Labour, law and training in early modern London: apprenticeship and the city’s institutions
AbstractSuccessful apprenticeship is often explained by effective contract enforcement. But what happened when enforcement was weak? This paper reveals that within early modern London, England’s dominant centre for training, the city’s court provided apprentices with near automatic exits from their indentures, and allowed them to recover a share of their premium, reflecting faults and time served. Between 3 and 8 percent of apprentices received court discharges. Easy dissolution was a response to unstable contracts. By supplying a straightforward mechanism to cut legal ties, the city reduced the risks surrounding apprenticeship and facilitated London’s rapid expansion.
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Bibliographic InfoPaper provided by London School of Economics and Political Science, Department of Economic History in its series Economic History Working Papers with number 41172.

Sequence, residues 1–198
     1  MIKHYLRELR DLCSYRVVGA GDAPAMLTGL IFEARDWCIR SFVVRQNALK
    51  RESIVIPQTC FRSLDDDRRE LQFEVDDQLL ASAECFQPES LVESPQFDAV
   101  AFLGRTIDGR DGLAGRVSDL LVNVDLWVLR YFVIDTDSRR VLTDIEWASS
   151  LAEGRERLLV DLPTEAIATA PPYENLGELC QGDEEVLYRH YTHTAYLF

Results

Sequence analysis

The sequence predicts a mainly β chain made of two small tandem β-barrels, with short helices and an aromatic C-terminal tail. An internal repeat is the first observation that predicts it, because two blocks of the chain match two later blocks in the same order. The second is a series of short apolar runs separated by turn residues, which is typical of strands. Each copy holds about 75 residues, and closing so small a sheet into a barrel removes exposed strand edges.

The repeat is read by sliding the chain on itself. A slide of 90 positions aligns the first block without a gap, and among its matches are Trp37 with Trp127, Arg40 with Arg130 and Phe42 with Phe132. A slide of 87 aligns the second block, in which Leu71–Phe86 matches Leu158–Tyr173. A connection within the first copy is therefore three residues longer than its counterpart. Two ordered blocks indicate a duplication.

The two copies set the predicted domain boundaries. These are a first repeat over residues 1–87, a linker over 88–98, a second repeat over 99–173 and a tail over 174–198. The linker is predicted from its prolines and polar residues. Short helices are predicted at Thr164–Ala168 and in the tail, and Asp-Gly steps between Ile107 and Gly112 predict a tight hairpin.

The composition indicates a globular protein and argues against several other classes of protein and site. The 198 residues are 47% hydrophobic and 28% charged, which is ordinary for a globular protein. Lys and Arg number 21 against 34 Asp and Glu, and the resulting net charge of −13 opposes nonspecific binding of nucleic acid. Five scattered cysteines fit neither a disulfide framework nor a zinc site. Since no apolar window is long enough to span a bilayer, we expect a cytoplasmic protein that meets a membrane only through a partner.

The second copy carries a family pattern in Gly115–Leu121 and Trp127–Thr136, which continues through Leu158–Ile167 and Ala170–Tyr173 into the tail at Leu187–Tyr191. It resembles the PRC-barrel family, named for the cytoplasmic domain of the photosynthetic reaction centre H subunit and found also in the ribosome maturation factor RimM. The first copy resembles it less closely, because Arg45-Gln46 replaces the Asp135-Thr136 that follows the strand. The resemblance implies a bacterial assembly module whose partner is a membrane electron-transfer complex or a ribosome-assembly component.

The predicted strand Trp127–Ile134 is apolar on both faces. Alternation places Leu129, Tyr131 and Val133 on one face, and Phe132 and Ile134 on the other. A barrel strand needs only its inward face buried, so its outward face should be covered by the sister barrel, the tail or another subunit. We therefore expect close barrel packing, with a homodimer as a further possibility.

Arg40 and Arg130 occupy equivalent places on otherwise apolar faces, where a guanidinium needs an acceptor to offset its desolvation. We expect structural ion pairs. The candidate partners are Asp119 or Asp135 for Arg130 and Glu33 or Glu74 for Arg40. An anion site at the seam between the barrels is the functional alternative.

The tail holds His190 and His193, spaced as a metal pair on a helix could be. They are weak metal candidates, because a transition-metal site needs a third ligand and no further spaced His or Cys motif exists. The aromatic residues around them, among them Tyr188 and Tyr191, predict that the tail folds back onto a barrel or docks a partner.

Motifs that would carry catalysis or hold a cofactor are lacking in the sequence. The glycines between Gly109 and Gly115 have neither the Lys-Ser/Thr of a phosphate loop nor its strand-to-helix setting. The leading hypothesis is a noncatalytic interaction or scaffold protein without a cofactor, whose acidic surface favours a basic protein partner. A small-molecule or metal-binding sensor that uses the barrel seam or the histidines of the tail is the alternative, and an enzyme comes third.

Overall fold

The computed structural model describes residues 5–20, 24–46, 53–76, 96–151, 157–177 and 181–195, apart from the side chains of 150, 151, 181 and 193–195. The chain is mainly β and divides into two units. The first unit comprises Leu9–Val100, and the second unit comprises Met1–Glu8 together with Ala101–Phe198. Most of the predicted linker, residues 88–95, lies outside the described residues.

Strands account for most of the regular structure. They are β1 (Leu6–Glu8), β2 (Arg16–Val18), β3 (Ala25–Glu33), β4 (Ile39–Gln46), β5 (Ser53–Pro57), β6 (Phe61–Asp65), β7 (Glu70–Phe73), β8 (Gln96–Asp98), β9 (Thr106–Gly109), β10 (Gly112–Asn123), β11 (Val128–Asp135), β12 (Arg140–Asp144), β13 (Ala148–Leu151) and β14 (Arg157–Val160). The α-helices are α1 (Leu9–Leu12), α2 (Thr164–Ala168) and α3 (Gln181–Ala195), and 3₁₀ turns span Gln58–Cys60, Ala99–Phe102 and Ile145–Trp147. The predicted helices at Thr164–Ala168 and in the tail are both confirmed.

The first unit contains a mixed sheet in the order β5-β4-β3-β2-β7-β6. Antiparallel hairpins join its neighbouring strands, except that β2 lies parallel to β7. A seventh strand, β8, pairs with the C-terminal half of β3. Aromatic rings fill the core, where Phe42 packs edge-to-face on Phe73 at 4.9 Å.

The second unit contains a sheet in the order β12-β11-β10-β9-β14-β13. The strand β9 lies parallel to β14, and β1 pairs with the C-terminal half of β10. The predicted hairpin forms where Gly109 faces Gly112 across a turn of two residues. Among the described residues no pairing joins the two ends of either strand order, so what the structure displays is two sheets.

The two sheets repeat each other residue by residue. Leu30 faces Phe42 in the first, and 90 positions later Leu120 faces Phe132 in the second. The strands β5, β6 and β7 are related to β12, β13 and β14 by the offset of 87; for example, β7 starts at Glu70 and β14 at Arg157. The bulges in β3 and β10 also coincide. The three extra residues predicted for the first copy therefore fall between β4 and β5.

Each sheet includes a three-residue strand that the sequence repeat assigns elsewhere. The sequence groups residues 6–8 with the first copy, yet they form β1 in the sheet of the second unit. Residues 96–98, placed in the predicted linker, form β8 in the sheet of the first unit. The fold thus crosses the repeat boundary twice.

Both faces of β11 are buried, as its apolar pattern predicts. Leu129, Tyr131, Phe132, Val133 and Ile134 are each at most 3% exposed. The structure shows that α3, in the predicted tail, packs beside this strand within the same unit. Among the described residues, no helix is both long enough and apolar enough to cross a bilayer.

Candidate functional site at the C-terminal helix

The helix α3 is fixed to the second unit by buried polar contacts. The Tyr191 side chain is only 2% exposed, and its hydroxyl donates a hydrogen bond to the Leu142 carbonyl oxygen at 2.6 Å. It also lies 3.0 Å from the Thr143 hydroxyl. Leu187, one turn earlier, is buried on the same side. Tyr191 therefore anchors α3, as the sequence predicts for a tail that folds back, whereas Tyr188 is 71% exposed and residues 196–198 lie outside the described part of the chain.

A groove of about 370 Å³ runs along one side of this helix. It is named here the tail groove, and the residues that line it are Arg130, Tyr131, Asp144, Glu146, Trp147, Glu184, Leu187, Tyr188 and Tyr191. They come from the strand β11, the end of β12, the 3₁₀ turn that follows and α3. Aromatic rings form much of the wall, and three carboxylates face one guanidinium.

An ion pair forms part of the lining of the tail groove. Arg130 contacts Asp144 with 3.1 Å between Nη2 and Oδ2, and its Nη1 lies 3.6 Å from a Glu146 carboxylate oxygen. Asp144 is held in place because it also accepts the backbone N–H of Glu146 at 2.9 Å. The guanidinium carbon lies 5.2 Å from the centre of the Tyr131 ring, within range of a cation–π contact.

Date of creation: Oct 2011
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Find related papers by JEL classification:
- O52 - Economic Development, Technological Change, and Growth - - Economywide Country Studies - - - Europe
- N0 - Economic History - - General
- R14 - Urban, Rural, Regional, Real Estate, and Transportation Economics - - General Regional Economics - - - Land Use Patterns
- J01 - Labor and Demographic Economics - - General - - - Labor Economics: General
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